It’s such a brilliant premise that it’s a surprise that no horror film thought of it first: what if that ghostbuster/psychic/exorcist/mystic shaman supernatural fighter you recruit to cleanse your house and soul over evil spirits turns out to be even worse than the demons you’re fighting? That’s a great idea for a sinisterly unnerving twist on tired haunted house tropes, so it’s surprising that it’s reared it’s head not in a horror film proper but in a slice of loopily lo-fi mumblecore awkwardness like Carson D. Mell’s ANOTHER EVIL.
Dan (Steve Zissis) is a successful artist whose paintings of black circles have allowed him to build his family a nice little vacation home in the mountains. But things are not as idyllic as expected as it becomes quickly apparent that the house is haunted: first his paintbrushes move on their own, and then he sees a gnarly old man with a half torn face crawling up his stairs,THE GRUDGE style.
Dan’s wife (Jennifer Irwin) enlists the aid of a boorish psychic in sweatpants (Dan Bakkedahl), but when his advice — to simply live with the seemingly un-malevolent spirits — proves to be unsatisfactory, t Dan seeks out the assistance of self-proclaimed “ghost assassin” Os (Mark Proksch), who’s aggressive, pro-active exorcism stance is, at first, more fitting for the freaked out artist.
Os’s unconventional methods and friendly, eager demeanor at first tickle the bemused Dan, and as the two huddle alone in the mountain cabin for several days, a tentative friendship begins to bloom out of the initially professional one. As the days progress, however, Os’s methods become increasingly erratic and off-putting, and his apparent alcoholism and desperate neediness begin to irritate and worry Dan, who becomes increasingly eager to live, literally, with his ghosts and rid himself of his pesky guest.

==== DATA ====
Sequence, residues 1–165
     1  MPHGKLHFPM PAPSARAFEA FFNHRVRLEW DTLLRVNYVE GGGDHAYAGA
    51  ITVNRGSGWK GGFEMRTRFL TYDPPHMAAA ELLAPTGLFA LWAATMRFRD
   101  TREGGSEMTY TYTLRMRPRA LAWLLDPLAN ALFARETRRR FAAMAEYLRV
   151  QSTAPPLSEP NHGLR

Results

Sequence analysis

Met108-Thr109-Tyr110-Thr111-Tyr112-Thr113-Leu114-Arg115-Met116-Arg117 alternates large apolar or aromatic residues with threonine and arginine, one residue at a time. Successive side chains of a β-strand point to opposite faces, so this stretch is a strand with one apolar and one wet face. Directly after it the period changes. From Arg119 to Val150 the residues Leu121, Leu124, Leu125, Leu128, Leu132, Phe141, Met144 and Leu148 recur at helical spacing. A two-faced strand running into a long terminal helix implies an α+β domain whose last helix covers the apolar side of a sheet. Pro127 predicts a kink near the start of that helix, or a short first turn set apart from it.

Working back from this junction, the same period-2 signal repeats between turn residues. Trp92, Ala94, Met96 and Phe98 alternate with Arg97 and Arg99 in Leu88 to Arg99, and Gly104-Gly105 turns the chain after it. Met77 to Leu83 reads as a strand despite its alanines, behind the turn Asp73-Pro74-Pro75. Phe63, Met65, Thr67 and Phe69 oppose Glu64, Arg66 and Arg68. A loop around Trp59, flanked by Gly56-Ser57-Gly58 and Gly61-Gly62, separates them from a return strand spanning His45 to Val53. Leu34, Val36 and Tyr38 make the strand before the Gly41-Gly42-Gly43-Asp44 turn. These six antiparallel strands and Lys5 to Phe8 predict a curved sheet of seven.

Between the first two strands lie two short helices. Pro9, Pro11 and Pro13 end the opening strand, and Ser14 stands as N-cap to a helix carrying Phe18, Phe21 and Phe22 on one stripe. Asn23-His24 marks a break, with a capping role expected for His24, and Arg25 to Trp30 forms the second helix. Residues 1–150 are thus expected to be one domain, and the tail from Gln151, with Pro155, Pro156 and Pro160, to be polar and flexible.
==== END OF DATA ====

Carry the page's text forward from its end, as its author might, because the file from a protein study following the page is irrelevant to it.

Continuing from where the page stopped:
ANOTHER EVIL is essentially Joe Swanberg and Larry David teaming up to make Blumhouse’s CHUCK AND BUCK — an acidic and dryly funny depiction of desperate loneliness breathing in the loose-fitting skin of a haunted house movie. And it mostly works on that level. The movie is often deftly amusing, and both Zissis and Proksch do great character work, bringing layers to characters to characters that could come across as caricatures of differing stripes of pathetic masculinity. Proksch makes Os at times endearing and sympathetic while also, crucially, underlining the darkness that lurks in the ghost hunters soul — both the deep well of sadness and loneliness that plague the man, but the currents of menacing craziness that might really dictate what he does and believes. Zissis has a less showy role, but he grounds the film in Dan’s affability and giving nature; he’s believable as an everyman who is both amused by, and then suspicious of, Os’s “good-matured” intensity. The men have a palpable dynamic and chemistry with each other.
Where the film falters in its gelling of the two tones together. Though the film is largely a comedy, an understated and acerbic one at that, Mell does intend for us to take the horror elements at least semi-seriously. The film is amusingly grounded in a world wear hauntings are taken matter-of-factly — like dealing with a particularly onerous pest problem — and while it’s not scary, per se, at least the director makes an honest attempt at not treating the spirits as joke — one has a horrifically mangled face, and the scenes where they show up are convincingly staged enough to at least illustrate Dan’s terror.
But they are still a clothesline on which to hang Mell’s desire to make an awkward relationship comedy — which would be fine had the director did not veer into a climax that is entirely at odds with the affable nature of the rest of the film. It’s in the last act that the director moves squarely back into “horror” territory, but the dark places where the film goes — though, admittedly, true to the nature of its characters — feel out of place to what came before. It’s a tightrope act juggling such disparate tones, and one that Mell doesn’t quite pull off — the majority of the film being too genial to justify the last act turn, the last act turn being to grim to work with the rest of the film. That the movie also feels a mite too long, that its slightness wears thin after too long, hardly helps matters any.
ANOTHER EVIL is an admirably low-key attempt to rummage through a little explored part of the horror universe and to use it as an entry into exploring the inherent loneliness in the forming of bonds of friendship. It’s part of a trend of indie films smudging the borders on what genre film actually is, and is admirable for that. But the tonal discrepancies cut it off at the knees and the film never ultimately justifies why it couldn’t either delve deeper into genre material or just be the observant mumblecore comedy it wants to be.